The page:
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CHAPTER 4: Introduction to Systems Theory
 

(a). Humans and Their Models

One common conclusion of scientific inquiry is that the world of nature is often very complex. To understand this complexity, scientists usually try to envisage the phenomena of nature as simplified versions of reality known as a system. A system can be defined as a collection of interrelated parts that work together by way of some driving process.

In the world of science, the word model is quite similar in meaning to the term system. Models in science tend to be simplified representations of reality that can be explained of mathematically and through the use of graphics. The following graphical model is used to help explain the processes involved in scientific understanding. The arrows in this graphically model suggest a continuous interaction between perceptible phenomena and theory through the processes of explanation and validation. This simple graphical model, while an extreme abstraction of the real world, is quite useful in explaining how scientific understanding works.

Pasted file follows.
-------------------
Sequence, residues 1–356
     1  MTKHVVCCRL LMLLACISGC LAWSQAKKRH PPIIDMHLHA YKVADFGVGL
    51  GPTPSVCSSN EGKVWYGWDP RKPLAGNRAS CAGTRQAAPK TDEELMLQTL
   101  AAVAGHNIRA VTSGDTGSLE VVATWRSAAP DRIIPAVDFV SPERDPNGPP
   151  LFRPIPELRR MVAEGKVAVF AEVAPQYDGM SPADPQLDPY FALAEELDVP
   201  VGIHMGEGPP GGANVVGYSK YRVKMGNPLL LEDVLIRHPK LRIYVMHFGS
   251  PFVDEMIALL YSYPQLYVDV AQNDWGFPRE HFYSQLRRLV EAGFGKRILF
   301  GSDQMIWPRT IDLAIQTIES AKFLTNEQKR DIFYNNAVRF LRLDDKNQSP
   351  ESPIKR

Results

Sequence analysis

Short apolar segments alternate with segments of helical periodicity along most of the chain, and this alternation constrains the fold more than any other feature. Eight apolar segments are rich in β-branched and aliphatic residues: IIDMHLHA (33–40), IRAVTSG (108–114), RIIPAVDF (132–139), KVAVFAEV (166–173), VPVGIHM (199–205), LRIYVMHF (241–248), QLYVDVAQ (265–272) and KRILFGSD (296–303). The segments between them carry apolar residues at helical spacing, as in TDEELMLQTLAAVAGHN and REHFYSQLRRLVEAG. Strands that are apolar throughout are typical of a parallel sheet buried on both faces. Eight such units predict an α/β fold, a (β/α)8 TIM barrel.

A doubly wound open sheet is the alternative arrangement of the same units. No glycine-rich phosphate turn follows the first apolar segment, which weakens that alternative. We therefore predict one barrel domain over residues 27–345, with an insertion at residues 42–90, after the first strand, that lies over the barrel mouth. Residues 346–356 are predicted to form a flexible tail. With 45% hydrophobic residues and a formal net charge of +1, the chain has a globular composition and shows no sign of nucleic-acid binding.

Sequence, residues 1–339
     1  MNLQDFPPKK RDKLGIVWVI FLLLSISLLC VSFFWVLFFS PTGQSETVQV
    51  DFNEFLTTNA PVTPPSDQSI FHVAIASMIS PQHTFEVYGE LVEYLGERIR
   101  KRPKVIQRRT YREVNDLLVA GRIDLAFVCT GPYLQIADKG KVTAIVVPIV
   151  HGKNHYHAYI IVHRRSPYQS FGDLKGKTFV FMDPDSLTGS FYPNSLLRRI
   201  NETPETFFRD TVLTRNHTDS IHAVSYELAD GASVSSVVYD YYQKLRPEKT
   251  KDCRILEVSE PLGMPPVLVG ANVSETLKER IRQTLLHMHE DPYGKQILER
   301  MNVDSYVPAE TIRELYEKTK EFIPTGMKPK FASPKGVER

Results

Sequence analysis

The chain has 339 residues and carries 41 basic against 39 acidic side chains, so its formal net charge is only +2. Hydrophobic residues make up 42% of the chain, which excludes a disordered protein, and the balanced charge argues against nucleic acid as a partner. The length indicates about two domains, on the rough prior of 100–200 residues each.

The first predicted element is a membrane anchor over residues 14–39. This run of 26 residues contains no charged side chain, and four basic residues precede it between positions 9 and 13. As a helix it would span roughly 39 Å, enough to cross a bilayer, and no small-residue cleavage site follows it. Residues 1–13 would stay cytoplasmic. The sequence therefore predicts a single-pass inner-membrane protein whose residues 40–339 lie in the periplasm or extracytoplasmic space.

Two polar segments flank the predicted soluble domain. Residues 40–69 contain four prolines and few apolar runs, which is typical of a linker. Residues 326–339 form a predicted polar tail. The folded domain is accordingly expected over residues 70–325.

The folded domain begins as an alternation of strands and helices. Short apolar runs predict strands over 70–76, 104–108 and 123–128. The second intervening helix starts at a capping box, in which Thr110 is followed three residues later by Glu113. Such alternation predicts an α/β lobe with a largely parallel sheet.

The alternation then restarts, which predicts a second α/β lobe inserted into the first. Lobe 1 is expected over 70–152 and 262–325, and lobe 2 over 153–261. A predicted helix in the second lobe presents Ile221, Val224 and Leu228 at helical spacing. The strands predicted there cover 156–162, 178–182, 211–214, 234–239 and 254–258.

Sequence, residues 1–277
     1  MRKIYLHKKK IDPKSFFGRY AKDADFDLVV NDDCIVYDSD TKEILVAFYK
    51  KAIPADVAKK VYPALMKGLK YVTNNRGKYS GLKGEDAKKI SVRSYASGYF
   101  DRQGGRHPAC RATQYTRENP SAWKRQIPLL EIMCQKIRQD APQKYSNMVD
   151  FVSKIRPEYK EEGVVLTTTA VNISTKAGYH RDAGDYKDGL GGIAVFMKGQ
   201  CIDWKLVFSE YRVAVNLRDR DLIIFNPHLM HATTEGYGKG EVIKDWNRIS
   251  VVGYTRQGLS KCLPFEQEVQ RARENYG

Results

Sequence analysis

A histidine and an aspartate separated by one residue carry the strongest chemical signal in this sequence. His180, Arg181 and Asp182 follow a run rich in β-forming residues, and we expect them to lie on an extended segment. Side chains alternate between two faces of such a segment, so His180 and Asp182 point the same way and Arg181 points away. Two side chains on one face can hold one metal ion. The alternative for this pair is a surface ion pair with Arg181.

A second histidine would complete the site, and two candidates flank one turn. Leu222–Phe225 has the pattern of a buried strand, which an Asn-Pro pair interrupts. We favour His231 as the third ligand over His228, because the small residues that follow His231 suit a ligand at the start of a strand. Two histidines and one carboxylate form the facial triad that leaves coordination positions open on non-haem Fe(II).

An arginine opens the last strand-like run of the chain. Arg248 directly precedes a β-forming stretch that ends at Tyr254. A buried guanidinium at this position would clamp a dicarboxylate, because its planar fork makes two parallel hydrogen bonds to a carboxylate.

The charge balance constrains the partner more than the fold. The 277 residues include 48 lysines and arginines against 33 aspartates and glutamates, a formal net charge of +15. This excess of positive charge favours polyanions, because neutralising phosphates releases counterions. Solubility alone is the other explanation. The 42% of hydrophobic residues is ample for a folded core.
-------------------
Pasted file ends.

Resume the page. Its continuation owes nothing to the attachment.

Figure 4a-1: The general relationship between perceptible phenomena and theory using scientific method for understanding. The interaction between perceptible phenomena and theory is arrived at through the processes of explanation and validation.

 

In Physical Geography, and many other fields of knowledge, systems and models are used extensively as aids in explaining natural phenomena around us.

 

Study Guide

 

Additional Readings

 
Internet Weblinks
 
Citation: Pidwirny, M. (2006). "Humans and Their Models". Fundamentals of Physical Geography, 2nd Edition. Date Viewed. http://www.physicalgeography.net/fundamentals/4a.html
 
 
 

 

Created by Dr. Michael Pidwirny & Scott Jones University of British Columbia Okanagan

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Copyright © 1999-2014 Michael Pidwirny

05/07/2009 10:00

 

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